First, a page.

I'd like to tack on a couple tips:
Tolerance & stack-up, GD&T.
Unless your machine is capable of handling tenths (.0001") of accuracy, plan on a couple thousandths (.002-.004"); even .005" can be easily massaged (lapped) with deburring / sanding (even aluminum, and to a lesser extent, steel).
When/if planning for mating surfaces, plan for tolerances into your design... MANY "fresh-out" designers will calculate a 1/8" dowel-pin as exactly .1250", while not realizing a 1/8" dowel-pin is going to be over-sized by several tenths, typically .00025-.0003", as they're typically intended to be used as a press-fit with a slight interference.
If dimensioning parts from one feature to another, each will assume a standard tolerance:
|---|----o----|-----| = measuring from feature to feature will incur 4x the standard tolerance, opposed to one measurement from edge to edge (IE, measuring feature A to B, then B to C, and C to D ... instead of providing measurement A to D, means a possible difference in absolute dimensions.)
More on any of this, if it's necessary.
Know your proper speed & feed, and how to calculate the proper chip-load per material, tool/cutter, and machine-performance. Additionally, higher feed (how fast the machine moves) with slow speed (spindle/tool RPM) can cause damage to the machine, break the tool, and/or scrap your part. Lastly, the surface finish can be improved with proper numbers.
Where speed is needed:
The smaller the diameter of your tool becomes, the greater the RPM is needed (and lower feed). If using a .005" end-mill for high detail, you'll need a 20k+RPM spindle, and VERY slow feed (movement). Unfortunately, I'd expect that most hobby-machines like a Sherline, Taig, or other bench-top machine, should be kept to 1/16" diameter tools at the smallest, because a simple bump to the machine can destroy that tool (and again, your part.) Heavier machines (~1000lb+) are much less susceptible to this.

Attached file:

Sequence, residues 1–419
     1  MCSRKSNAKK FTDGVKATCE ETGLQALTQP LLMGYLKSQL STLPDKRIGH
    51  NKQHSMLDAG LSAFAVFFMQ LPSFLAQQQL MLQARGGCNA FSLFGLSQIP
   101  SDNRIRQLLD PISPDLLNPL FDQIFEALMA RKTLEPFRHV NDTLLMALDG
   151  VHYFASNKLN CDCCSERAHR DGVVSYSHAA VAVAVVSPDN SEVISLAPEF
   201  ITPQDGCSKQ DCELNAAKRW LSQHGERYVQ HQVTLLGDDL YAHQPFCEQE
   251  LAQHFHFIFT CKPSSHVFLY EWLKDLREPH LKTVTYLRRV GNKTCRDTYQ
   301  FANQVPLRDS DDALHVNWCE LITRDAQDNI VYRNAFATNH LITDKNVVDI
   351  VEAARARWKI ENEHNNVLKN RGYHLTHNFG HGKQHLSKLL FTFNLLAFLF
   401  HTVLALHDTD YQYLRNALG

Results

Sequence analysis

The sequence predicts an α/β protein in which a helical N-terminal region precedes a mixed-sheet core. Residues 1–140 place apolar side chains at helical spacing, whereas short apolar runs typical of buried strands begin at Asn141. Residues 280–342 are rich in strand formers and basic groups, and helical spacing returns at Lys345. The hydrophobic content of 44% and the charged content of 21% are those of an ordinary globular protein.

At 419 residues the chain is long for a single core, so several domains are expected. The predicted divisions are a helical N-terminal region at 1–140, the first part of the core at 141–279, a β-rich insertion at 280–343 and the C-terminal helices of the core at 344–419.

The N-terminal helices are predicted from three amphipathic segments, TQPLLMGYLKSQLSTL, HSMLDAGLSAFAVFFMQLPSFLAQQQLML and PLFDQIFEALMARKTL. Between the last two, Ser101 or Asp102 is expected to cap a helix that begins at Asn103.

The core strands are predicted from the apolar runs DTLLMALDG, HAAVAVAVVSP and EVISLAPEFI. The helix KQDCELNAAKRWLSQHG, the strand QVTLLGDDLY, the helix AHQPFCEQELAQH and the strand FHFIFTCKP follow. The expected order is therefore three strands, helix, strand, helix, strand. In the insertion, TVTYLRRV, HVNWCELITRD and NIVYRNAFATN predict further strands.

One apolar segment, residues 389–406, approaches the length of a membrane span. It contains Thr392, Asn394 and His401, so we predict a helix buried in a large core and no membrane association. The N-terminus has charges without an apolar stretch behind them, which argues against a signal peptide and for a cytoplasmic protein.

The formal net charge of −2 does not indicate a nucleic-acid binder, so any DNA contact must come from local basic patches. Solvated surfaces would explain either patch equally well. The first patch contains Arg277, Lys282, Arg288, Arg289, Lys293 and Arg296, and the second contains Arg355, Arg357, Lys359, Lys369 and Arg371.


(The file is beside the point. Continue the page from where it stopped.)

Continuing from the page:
Know your machine:
Closed-loop servo-systems with glass-scales will tell you the position of the tool (.001" to .0002" and better, depending on machine-quality) vs that of an open-loop or Stepper-motor system that will only tell you where the control THINKS it should be. Programming moves based on the possibility of error will reduce quality. Keep in mind, that tool run-out (how "true" the concentricity is of the spindle, collet (tool-holder), bearings and machine-movement (drives)) directly effect the quality and tolerance of the cut.
ALWAYS do your due-diligence!
IF you have doubts about your program, verify your numbers or run a simulation if possible. Perform a dry-run a safe distance above the part to ensure the tool-path looks right. Verify Counter-Clockwise vs Clock-Wise arcs - these are part-killers when run with an error.
A lightweight machine can snag a shirt-sleeve and draw you in instantly. You might want to touch the tool while it's spinning, but really, don't. Use brushes, air, coolant, or alcohol squirt-bottles to remove chips. DO NOT use your fingers. It might be safe, but it's the best practice to be good at. Even great machinists can lose a part of a finger.
IF running a program you're unsure about, it's OK to grit your teeth - but just keep your finger on the HOLD and/or emergency shut-off. It's better to shut down the machine and start over if you're unsure, than to 'ride it out'.
Also, glasses with side-shields! The proper method of removing metal will remove the HEAT generated by the cut, in the chip; and they're also sharp. Those chips DO fly out, and can fly far. The LAST place you want it (at LEAST the second to last place), is in your eye. You'll get them in your hair (assuming you have some), in your nose, and in your mouth (unless closed). Just expect it.